Aristotle and st thomas aquinas

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aristotle and st thomas aquinas

Aristotle On Interpretation: Commentary by St. Thomas and Caejtan by Thomas Aquinas

Aristotles works have influenced science, religion, and philosophy for nearly two thousand years. He could be thought of as the father of logical thought. Aristotle wrote: There is nothing in the intellect that was not first in the senses. He wrote that everything that is learned in life is learned through sensory perception. Aristotle was the first to establish the founding principle of logic. The great writer Dante called Aristotle The Master of those who know. The Roman writer Cicero viewed Aristotles work so highly that he called them A river of gold.
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Aquinas & the Cosmological Arguments: Crash Course Philosophy #10

Although Neoplatonism was the major philosophical influence on Christian thought in its early period and has never ceased to be an important element within it, Aristotelianism also shaped Christian teachings. Aristotle’s thought had a profound impact on generations of medieval.
Thomas Aquinas

Saint Thomas Aquinas

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An easy, but accurate way of distinguishing the ethics of Aristotle from that of Aquinas lies in examining the fundamental questions they ask. To these questions, Aristotle responds by explaining that we are social beings; that we should live a life of virtue in accordance with reason; and that our end is happiness. He elaborates on the fact that we are social beings who, if we are to achieve happiness, must be reasonable and live a life of virtue. If there is a flaw or weakness in this scheme, it is because Aristotle assigns reason far more prominence than love. We know that a cunning person who is not concerned about behaving ethically can employ reason in ways that are not virtuous.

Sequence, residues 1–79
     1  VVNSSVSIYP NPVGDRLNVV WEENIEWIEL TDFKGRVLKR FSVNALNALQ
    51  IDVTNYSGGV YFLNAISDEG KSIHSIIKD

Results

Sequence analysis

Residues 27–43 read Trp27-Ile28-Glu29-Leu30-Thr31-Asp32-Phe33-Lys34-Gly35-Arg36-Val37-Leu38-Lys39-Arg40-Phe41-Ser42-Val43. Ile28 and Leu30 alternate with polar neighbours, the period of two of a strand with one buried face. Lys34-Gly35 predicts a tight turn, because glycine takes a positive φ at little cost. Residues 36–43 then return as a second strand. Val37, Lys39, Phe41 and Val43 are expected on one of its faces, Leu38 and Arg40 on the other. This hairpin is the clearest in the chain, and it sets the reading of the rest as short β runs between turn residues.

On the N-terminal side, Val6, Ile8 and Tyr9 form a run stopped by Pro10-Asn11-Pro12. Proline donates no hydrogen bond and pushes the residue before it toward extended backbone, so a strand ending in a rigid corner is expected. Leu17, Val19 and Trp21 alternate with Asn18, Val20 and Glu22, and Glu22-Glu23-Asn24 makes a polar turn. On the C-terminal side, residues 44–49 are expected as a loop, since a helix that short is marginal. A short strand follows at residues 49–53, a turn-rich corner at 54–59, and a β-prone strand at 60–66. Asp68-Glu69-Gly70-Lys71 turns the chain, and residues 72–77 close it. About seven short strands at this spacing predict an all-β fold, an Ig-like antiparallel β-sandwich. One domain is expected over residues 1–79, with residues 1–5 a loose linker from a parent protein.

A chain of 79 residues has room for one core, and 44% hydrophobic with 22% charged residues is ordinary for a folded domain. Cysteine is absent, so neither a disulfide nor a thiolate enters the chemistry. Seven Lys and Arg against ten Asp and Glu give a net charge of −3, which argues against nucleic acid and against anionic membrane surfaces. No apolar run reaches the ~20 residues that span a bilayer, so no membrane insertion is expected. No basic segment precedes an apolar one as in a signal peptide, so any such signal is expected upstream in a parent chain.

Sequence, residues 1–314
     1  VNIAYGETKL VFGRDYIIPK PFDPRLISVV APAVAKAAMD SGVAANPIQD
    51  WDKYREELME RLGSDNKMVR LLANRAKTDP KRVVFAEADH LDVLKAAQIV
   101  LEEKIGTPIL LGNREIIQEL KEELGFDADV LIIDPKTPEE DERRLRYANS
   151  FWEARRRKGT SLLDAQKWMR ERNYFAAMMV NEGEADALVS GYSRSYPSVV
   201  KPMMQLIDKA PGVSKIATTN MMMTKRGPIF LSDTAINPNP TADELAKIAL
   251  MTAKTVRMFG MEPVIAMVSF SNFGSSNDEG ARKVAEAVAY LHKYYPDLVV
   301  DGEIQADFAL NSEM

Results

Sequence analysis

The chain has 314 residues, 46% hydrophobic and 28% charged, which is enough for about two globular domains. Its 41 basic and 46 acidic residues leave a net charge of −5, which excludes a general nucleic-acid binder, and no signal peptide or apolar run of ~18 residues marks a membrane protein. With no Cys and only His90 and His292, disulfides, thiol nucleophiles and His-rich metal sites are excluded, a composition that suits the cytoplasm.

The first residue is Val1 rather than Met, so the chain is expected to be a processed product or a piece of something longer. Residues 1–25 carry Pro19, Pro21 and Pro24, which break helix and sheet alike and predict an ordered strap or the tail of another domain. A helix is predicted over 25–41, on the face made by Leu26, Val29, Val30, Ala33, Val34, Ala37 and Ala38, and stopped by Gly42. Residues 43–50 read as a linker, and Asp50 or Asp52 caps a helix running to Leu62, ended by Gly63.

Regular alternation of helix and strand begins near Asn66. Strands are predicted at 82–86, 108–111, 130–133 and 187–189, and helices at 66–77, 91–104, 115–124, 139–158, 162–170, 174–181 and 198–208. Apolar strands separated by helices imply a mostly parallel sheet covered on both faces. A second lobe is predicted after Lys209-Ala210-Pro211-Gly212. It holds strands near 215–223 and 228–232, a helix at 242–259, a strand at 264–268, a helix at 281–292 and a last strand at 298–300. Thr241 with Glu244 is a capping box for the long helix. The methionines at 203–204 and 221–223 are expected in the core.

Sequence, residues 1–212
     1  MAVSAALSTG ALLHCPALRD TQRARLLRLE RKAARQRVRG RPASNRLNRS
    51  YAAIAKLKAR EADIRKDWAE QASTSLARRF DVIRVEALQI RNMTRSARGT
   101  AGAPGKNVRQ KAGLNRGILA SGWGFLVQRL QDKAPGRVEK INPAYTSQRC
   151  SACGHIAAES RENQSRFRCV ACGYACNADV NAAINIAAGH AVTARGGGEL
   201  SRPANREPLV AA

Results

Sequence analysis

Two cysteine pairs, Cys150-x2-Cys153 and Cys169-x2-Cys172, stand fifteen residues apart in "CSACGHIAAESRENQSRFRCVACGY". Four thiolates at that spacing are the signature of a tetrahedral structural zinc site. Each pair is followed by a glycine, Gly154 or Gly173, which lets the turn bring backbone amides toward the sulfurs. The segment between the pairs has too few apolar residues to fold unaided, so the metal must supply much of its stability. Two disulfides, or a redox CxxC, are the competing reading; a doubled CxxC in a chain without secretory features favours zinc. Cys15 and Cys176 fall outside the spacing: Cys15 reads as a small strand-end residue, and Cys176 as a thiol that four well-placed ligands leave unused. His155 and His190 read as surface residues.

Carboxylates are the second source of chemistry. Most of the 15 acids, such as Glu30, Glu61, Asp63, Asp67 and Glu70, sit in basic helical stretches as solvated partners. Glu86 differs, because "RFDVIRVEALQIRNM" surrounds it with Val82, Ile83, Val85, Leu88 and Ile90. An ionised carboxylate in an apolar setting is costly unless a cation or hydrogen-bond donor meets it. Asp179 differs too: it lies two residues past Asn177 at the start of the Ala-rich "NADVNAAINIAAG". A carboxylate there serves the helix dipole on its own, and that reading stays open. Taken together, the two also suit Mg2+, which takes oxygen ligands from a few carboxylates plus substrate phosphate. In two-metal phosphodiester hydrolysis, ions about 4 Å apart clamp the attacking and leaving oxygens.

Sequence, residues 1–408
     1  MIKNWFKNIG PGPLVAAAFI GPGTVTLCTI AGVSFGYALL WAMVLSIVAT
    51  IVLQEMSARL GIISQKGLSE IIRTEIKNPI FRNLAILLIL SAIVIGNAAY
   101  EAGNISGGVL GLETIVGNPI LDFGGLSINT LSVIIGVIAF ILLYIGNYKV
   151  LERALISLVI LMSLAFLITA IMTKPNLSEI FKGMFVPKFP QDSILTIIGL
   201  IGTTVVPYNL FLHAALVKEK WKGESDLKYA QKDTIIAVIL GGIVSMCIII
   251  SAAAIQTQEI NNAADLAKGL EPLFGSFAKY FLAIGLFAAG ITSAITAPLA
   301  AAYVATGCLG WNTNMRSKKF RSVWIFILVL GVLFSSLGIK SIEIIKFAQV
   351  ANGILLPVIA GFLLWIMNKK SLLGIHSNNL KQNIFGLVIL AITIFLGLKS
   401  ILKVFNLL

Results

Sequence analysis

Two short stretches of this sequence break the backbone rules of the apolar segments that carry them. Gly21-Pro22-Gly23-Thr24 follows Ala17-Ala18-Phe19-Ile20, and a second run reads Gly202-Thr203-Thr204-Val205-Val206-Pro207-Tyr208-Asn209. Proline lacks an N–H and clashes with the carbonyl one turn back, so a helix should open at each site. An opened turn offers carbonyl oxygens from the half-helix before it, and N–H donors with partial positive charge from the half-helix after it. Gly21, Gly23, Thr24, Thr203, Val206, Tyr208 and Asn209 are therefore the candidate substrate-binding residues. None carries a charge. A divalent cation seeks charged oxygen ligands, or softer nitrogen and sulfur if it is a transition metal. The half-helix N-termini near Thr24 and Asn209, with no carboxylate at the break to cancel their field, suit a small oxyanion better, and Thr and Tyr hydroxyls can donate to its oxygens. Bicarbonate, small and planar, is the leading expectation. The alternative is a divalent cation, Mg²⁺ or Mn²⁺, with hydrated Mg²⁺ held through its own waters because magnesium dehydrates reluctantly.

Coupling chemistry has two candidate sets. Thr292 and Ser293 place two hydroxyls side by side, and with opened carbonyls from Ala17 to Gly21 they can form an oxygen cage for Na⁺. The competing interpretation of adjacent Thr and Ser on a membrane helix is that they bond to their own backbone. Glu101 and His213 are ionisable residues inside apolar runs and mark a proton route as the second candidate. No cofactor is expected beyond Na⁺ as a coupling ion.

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Although Neoplatonism was the major philosophical influence on Christian thought in its early period and has never ceased to be an important element within it, Aristotelianism also shaped Christian teachings. At first known for his works on logic, Aristotle gained fuller appreciation in the 12th and 13th centuries when his works on physics, metaphysics , and ethics became available in Latin, translated either from the Greek or from Arabic sources. Thomas Aquinas c. Thomas, however, in distinction from Aristotle, added divinely revealed propositions to self-evident truths in forming his basis for inference. With the gradual breakdown of the medieval worldview, the nature of the philosophical enterprise began to change. There has long ceased to be a generally accepted philosophical framework, comparable with Neoplatonism, in terms of which Christianity can appropriately be expressed and defended.

Thomas Aquinas involves a merger of at least two apparently disparate traditions: Aristotelian eudaimonism and Christian theology. Achieving happiness, however, requires a range of intellectual and moral virtues that enable us to understand the nature of happiness and motivate us to seek it in a reliable and consistent way. On the other hand, Aquinas believes that we can never achieve complete or final happiness in this life. For him, final happiness consists in beatitude, or supernatural union with God. Such an end lies far beyond what we through our natural human capacities can attain. Moreover, Aquinas believes that we inherited a propensity to sin from our first parent, Adam.


  1. Cuesnatinuap says:

    According to Aquinas, The Summa Theologica of St. Thomas Aquinas, he cites Aristotle who wrote, "The good is that which all desire.

  2. Brittany W. says:

    An encyclopedia of philosophy articles written by professional philosophers.

  3. Maximilian G. says:

    The cosmological or causal argument for the existence of god takes the view that there must be a cause either in the sense of a prior event, or a reason for the occurrence of an event.

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